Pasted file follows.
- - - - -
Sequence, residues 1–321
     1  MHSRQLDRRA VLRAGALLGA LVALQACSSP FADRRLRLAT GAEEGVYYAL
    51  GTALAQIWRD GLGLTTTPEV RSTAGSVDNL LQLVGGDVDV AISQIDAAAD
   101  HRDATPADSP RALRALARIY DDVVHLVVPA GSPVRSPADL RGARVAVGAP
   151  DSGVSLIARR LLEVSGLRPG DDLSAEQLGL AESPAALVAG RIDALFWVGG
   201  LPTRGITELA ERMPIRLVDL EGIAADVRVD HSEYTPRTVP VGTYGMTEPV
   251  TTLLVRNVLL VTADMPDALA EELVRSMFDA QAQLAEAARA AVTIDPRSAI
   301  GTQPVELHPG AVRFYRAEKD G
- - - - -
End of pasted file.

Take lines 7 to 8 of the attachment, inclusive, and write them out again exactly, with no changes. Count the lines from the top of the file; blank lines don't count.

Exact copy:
   251  TTLLVRNVLL VTADMPDALA EELVRSMFDA QAQLAEAARA AVTIDPRSAI
   301  GTQPVELHPG AVRFYRAEKD G